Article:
What Is an Anal Pap Smear?
An anal Pap smear is related to a cervical Pap smear. It looks for the cellular changes that are an early sign of anal cancer. Anal cancer, like cervical cancer and throat cancer, is associated with infection with the cancer causing varieties of the human papillomavirus (HPV).
Who Is At Risk For Anal Cancer?
Anal cancer was once thought to be a relatively rare disease that primarily affected elderly women. However, in recent years, the number of cases among men has sharply increased. In particular, rates of anal cancer among MSM are approaching the rates of cervical cancer seen in women prior to the inception of regular cervical Pap testing. In HIV positive men who have sex with men, the rates are twice as high as for HIV negative men. HIV positive women are also at substantially increased risk for anal cancer when compared to women in the general population. In general, receptive anal sex puts an individual at the highest risk of infection with HPV and anal cancer. Anal cancer is one of the most serious potential consequences of HPV in men.
Is the Anal Pap Effective?
The anal Pap smear is comparable in effectiveness to the standard Pap smear. It is relatively good at detecting the presence of abnormal cells, but not terribly good at distinguishing pre-cancerous changes from those changes that are unlikely to cause a problem in the future. It is therefore essential that anal Pap tests only be performed by doctors who have the ability to continue the process of diagnosis with follow up testing and treatment. Follow-up testing may include anoscopy, a non-invasive test similar to a colposcopy, and/or biopsy.
Who Should Get an Anal Pap?
This is the million dollar question. At the moment there are no standardized screening guidelines for anal cancers. This is primarily due to a lack of research, both on screening and on treatment. Some clinicians recommend yearly anal Pap smears for MSM and, in particular, HIV positive MSM. Others suggest testing once every three years, and the CDC currently offers no recommendation at all. If you are at high risk of anal cancer, talk to your doctor about the costs and benefits of screening. He or she should hopefully be able to help you make an informed decision. While research remains lacking, there is no one clear choice. That having been said, the New York State Department of Health AIDS Institute guidelines represent the direction in which most progressive healthcare providers are moving, and so are included below. Bringing a copy of these guidelines with you to your next visit with your healthcare provider may be helpful when discussing anal Pap testing with your doctor.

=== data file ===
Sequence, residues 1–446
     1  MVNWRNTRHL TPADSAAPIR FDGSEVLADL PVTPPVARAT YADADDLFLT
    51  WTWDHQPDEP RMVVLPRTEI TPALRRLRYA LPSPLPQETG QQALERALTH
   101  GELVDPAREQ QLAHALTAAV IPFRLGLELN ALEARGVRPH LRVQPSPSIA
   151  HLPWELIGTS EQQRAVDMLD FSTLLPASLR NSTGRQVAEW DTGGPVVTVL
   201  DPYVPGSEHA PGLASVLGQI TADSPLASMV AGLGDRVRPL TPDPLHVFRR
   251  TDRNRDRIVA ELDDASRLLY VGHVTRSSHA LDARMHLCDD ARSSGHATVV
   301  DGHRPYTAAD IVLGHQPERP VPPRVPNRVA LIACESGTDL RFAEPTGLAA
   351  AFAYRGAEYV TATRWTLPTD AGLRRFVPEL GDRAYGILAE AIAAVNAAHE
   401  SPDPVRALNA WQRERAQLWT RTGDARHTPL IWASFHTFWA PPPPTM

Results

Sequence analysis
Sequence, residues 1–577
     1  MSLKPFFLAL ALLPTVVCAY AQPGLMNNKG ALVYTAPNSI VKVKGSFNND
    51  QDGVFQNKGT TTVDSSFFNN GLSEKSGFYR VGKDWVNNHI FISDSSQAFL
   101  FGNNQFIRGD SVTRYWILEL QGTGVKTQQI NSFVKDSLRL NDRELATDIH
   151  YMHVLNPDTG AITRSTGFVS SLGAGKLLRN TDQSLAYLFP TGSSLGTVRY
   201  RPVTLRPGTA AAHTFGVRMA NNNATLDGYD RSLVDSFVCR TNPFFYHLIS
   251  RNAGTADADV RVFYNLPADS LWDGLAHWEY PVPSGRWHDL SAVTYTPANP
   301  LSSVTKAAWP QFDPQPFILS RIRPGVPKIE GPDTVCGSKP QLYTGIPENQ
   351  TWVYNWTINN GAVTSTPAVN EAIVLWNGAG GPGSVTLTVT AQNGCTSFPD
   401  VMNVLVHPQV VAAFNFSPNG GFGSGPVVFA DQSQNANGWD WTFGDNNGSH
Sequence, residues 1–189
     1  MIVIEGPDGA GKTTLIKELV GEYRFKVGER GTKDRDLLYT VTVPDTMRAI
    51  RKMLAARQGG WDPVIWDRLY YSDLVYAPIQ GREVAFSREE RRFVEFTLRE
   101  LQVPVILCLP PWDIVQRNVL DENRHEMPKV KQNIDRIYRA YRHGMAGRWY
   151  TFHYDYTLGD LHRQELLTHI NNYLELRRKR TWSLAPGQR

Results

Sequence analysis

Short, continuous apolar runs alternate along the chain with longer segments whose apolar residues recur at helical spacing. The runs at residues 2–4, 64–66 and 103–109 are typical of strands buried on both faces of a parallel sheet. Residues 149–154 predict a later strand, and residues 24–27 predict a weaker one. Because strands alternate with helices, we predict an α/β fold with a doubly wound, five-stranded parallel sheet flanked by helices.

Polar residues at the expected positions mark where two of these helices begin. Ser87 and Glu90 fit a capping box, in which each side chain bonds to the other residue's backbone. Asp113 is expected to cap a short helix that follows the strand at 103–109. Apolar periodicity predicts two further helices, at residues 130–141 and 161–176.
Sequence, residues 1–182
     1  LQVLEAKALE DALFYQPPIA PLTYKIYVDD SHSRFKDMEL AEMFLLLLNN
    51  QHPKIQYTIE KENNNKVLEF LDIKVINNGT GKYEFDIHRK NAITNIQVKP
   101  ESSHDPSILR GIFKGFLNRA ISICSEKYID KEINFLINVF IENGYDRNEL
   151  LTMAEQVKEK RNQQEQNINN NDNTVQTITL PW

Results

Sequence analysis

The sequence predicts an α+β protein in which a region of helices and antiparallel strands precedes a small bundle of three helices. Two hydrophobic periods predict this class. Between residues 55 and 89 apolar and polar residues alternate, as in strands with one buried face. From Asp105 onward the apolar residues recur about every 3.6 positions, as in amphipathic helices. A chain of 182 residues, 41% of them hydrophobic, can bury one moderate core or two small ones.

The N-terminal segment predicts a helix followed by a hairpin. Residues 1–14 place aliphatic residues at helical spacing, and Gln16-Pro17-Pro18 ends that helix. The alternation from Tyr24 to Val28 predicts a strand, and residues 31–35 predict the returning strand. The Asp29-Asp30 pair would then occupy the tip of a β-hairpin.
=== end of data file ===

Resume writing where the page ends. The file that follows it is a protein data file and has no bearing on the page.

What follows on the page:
Clinicians should perform anal Pap tests at baseline and annually in the following populations:
- Men who have sex with men
- Any patient with a history of anogenital condylomas
- Women with abnormal cervical/vulvar histology
Arian et al. (2005) "The Anal Pap Smear: Cytomorphology of squamous intraepithelial lesions." Cytojournal 2:4.
Chiao et al (2006) "Screening HIV-Infected Individuals for Anal Cancer Precursor Lesions: A Systematic Review." Clinical Infectious Diseases 43:223â€“33
Leiman G. (2005) "Anal screening cytology." Cytojournal 2: 5.
Pitts et al (2007) "What Do Gay Men Know About Human Papillomavirus? Australian Gay Men's Knowledge and Experience of Anal Cancer Screening and Human Papillomavirus" Sexually Transmitted Diseases 34(3):170-173.
CDC Fact Sheet HPV and Men. Accessed 12/5/07.
Anal Cancer : To Screen or Not To Screen. Journal Watch 2004. Accessed 12/5/07 at http://aids-clinical-care.jwatch.org/cgi/content/full/2004/0701/1